An improvised salad dressing, or a lunch-time hack

Salad bowl with yogur dressing

I brought a salad to the office on Friday, which is not unusual. But I was in a rush in the morning and didn’t prepare the little container with the dressing (olive oil, vinegar, salt).

As I started cycling towards the office, I expected / hoped / vaguely remembered that the office kitchen had some bottles of these.

Imagine my sheer horror when, hours later, I turn up at the kitchen and… nope. There was nothing of that. There was sugar, marmite, sriracha (hot sauce), salt, pepper, other random things… but absolutely no olive oil or vinegar.

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Packed lunches, the English way

Butter, ham and mustard sandwich

We took some days off last May and visited a few outdoor places. The last episode of lock-down at the time hadn’t quite finished yet, and thus places weren’t fully “functional” either. So we decided to play it safe and take our food with us rather than go empty handed and attempt to buy something on-site, only to find the caf√© closed.

And since we were holidaying in England, and it felt a bit like going on a school trip, I thought: “we should prepare packed lunches like the English would do for their kids!”

Devvers wasn’t super thrilled about this extravagant idea of mine, but still agreed to share with me tips and tricks for making sandwiches “the English way”.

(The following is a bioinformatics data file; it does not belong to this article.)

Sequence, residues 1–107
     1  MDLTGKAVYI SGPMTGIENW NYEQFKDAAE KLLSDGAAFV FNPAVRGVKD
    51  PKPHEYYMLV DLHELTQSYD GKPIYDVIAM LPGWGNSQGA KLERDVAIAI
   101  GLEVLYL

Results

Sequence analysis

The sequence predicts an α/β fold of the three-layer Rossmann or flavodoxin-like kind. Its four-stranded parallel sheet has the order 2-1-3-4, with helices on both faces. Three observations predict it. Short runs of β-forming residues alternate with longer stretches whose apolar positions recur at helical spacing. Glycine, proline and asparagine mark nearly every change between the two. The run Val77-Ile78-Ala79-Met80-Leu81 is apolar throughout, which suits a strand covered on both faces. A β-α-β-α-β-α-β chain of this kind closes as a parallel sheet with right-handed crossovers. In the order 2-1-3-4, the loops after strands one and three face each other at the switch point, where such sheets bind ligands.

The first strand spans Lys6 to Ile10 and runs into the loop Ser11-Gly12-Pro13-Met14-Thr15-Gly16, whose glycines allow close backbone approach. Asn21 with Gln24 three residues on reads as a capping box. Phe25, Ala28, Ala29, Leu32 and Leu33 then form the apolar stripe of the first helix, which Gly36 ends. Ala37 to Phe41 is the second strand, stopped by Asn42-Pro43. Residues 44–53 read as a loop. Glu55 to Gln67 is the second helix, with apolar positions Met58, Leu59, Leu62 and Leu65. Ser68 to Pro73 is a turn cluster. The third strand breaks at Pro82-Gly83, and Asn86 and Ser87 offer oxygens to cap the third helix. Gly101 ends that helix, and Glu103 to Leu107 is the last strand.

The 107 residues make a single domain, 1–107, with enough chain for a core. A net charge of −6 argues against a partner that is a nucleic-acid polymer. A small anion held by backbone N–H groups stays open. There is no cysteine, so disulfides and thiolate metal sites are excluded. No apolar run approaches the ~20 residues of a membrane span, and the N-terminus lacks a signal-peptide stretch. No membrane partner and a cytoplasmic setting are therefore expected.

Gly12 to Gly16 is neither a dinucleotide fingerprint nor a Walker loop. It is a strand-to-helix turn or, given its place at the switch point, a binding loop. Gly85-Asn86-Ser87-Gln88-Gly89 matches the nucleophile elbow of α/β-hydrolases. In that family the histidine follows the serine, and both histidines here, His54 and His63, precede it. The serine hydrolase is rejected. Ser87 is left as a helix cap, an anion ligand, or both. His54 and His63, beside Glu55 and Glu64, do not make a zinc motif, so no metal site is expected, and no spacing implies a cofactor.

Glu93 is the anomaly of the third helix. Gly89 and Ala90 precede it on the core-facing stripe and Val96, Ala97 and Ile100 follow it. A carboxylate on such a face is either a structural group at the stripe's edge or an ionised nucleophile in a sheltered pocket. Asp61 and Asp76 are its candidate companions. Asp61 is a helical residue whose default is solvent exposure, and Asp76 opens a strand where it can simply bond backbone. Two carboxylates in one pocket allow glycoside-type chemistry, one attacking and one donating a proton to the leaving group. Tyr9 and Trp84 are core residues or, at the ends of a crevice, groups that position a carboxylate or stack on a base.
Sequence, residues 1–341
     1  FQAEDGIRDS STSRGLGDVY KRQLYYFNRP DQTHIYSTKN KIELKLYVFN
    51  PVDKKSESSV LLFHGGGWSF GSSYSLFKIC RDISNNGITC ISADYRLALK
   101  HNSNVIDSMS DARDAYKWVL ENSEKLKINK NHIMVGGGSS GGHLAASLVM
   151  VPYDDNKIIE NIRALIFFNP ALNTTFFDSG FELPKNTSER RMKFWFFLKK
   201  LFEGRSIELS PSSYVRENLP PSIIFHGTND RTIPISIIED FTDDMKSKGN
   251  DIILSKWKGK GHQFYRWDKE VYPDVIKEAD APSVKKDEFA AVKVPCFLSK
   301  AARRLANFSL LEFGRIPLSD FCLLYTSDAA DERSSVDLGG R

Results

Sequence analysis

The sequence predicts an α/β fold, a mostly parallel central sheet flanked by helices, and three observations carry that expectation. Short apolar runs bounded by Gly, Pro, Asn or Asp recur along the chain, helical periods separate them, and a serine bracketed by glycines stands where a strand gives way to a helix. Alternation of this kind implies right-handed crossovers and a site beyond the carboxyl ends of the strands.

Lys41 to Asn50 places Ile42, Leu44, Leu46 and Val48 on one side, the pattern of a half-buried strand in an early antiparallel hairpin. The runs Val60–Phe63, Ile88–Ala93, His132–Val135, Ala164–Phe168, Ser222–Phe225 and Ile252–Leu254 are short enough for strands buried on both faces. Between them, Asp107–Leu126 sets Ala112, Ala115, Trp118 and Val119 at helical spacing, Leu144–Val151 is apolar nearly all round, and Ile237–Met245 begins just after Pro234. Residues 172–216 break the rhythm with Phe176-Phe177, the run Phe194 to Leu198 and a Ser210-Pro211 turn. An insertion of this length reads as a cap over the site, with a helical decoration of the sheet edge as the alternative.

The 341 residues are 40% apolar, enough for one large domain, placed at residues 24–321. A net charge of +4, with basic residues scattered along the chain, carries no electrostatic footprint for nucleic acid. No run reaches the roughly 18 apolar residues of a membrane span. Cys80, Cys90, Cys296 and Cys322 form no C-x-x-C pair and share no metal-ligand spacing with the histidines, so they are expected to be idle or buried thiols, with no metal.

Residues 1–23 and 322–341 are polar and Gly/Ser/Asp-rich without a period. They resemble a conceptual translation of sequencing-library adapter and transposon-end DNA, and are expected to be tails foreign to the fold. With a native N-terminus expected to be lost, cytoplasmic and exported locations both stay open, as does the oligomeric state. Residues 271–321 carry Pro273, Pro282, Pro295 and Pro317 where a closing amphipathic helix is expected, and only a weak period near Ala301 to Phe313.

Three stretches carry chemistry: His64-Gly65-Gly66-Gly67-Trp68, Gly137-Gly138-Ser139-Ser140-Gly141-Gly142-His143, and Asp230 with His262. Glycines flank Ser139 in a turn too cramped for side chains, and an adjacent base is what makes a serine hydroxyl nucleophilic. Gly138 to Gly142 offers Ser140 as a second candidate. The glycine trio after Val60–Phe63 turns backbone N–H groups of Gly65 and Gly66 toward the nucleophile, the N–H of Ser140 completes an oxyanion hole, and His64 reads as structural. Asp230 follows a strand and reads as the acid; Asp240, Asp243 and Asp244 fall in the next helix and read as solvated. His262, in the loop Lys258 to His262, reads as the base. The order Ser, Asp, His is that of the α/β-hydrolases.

This is very important because since I did not grow up in the UK, if left to my own devices, I would put olive oil and a slice or two of tomato on the sandwiches… the anathema!

So here’s the secret, for all of the Spanish people out there who want to pretend like they’re in England, or want to surprise their English partners with the thrilling sight of a Proper English Sandwich! ūüėÜ

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Plato de verano (“Summer’s dish”)

Plato de verano (Summer's dish)

When it gets hot in Spain we avoid eating hot food and turn our attention towards things that are eaten cold. You might have heard about gazpacho or salmorejo!

Then there is the “plato de verano”, which literally means “summer’s dish”. It’s not a unique recipe, but a way of describing “something somewhat substantial that you eat cold”. It depends on the cook and whatever is available on the day.

My recipe provides a good balance between sharpness, oiliness, savouriness, softness and crunchiness so that it’s a pleasant and refreshing thing to eat, but without having to bite too much (too much effort if it’s very hot).

¬°Buen provecho!

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